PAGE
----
- Larger rocks should be buried at least one third the depth of the rock.
For more information on the park strip, visit Salt Lake City’s Building Services website.
If You Xeriscape . . .
Xeriscaping is a great way to save water while keeping the park strip looking attractive. However, remember that 33% of the park strip should be planted with vegetation. The vegetation and any trees should continue to be watered to keep them healthy.
Not providing adequate water to park strip trees can kill them.
Help us protect our urban forest and be sure to give your tree one deep irrigation per week during the growing season and two during the hottest parts of the year.
If you have questions, don’t hesitate to reach out to our arborists for personalized care tips for your park strip tree!
Salt Lake City’s urban forest is crucial for the health and welfare of our citizens and environment.
We hope these instructions will assist you in developing and conserving your park strip and helping us all enjoy the benefits of Salt Lake City’s trees!
What about planter boxes? My neighbor has some that are over a foot high and occupy about 75% of the strip.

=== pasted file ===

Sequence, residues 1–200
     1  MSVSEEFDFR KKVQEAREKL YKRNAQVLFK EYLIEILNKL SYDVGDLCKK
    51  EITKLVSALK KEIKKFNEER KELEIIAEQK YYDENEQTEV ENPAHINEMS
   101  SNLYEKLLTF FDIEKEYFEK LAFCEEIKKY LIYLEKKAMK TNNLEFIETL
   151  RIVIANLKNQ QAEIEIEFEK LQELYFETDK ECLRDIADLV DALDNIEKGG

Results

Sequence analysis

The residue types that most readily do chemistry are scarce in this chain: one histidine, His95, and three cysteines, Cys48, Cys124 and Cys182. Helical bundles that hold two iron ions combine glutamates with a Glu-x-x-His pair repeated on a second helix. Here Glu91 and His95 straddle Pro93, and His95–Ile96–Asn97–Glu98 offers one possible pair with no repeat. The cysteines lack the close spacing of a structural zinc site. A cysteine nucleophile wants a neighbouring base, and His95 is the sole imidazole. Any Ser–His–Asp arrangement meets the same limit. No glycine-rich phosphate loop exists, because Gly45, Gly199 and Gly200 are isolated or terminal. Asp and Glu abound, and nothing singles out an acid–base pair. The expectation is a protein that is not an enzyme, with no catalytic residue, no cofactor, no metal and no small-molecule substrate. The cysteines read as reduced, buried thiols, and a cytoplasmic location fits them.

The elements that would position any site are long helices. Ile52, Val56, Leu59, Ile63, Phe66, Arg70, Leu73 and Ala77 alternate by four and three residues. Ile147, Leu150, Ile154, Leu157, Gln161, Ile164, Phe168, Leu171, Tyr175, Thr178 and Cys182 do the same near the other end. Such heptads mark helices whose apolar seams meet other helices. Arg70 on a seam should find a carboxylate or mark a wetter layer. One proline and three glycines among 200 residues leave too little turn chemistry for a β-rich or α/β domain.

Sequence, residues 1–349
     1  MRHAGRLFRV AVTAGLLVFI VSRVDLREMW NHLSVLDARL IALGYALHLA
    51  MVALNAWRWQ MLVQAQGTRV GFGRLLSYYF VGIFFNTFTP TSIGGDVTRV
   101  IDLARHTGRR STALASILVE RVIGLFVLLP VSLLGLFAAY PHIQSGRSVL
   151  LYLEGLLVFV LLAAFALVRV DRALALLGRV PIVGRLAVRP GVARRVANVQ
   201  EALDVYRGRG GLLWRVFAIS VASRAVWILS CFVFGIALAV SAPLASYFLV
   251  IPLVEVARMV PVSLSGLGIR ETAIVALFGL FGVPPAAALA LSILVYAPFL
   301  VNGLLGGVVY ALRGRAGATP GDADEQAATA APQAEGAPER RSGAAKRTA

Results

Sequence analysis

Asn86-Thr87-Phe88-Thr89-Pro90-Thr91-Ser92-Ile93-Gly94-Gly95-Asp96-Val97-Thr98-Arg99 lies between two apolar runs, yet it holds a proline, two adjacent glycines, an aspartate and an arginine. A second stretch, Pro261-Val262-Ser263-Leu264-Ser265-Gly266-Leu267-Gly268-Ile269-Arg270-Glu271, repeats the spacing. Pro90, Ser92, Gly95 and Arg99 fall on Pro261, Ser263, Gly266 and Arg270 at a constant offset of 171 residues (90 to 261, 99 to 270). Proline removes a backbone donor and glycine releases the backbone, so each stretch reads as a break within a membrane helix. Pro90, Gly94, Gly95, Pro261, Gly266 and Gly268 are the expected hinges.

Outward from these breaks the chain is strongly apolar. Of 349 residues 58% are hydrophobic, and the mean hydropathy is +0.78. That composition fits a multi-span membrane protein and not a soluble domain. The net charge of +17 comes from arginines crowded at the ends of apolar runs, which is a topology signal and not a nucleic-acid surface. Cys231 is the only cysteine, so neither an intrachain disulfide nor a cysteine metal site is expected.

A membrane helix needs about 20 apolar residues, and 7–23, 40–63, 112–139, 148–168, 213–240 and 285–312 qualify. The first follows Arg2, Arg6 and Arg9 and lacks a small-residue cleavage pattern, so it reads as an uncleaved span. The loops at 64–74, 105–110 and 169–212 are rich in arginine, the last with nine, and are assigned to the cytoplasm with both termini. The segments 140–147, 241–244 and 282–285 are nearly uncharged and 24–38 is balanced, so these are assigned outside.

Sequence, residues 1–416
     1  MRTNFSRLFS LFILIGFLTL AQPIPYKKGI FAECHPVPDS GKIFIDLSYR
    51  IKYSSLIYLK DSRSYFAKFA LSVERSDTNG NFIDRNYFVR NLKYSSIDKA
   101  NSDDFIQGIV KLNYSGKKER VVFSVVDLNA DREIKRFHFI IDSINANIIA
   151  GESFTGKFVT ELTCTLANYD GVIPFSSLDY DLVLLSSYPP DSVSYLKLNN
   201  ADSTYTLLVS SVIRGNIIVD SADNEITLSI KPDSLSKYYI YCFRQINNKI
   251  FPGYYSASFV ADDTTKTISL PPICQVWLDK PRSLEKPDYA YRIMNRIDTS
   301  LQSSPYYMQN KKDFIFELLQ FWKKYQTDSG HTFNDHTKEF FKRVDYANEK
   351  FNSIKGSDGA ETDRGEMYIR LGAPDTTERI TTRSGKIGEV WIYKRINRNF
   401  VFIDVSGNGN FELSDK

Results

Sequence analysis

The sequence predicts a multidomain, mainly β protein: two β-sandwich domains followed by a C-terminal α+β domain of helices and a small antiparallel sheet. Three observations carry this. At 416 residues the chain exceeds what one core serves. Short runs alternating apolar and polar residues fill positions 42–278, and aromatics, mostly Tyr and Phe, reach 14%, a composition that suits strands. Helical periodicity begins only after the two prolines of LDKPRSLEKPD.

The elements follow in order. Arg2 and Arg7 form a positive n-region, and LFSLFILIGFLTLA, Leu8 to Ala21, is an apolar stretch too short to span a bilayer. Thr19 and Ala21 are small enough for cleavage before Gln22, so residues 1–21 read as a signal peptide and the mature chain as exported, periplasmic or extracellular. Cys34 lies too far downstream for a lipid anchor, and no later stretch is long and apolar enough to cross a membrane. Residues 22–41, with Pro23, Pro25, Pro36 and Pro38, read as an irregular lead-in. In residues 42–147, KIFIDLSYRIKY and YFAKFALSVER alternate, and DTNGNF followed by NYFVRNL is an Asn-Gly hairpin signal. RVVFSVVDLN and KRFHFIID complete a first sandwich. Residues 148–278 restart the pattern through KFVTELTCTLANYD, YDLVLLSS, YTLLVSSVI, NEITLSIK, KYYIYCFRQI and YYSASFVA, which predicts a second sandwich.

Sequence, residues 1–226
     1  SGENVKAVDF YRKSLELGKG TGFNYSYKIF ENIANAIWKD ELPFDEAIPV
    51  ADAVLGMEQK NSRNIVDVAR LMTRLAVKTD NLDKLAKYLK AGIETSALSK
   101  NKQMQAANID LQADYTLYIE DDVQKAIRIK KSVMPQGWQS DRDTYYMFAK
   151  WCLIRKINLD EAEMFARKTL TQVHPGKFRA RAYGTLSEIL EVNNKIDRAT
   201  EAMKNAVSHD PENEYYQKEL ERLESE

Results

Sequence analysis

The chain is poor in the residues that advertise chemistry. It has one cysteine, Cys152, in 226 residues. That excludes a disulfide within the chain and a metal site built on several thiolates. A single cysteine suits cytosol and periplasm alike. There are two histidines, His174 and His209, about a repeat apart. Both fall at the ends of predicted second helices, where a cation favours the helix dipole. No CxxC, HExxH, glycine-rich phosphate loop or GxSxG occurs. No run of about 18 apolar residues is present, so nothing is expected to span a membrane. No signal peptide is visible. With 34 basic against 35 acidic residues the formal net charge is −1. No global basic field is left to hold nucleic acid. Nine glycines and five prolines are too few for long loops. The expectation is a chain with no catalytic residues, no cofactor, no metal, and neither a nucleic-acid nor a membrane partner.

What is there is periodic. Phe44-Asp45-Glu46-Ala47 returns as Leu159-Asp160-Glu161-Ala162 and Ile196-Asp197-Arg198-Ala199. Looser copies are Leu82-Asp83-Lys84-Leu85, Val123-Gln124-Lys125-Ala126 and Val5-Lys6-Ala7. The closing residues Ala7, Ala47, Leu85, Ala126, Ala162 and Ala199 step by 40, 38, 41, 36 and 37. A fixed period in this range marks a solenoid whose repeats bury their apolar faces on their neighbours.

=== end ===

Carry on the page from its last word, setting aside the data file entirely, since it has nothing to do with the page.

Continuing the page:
Thanks for the question. Planter boxes are okay in the park strip. The full ordinance details are here. http://www.slcdocs.com/building/b-park-strip.pdf Feel free to reach out to Civil Enforcement with any concerns or additional questions at 801-535-6000.
Great article, Sydney, but I wish it included strategies for providing sufficient water to mature park strip trees, especially when you replace the park strip vegetation with non-irrigated alternatives (like some folks on our block just did). I don’t think people know or think to provide water to the trees, or know how much and how often they need to water. We now have a tree at 2100 E Roosevelt that is completely surrounded by rocks, and I watched it go in with no irrigation lines evident at all. Guess you’ll be taking that one out soon 😦
That’s a great point to emphasize, thanks! Our Urban Forestry team urges caution that, when residents xeriscape their park strips, they must continue to provide water to trees– even mature ones. It is part of our ordinance that “Sufficient water shall be provided for vegetative ground cover, annuals, perennials, shrubs and trees to keep them in a healthy condition.” We’ll include some of your suggested updates 🙂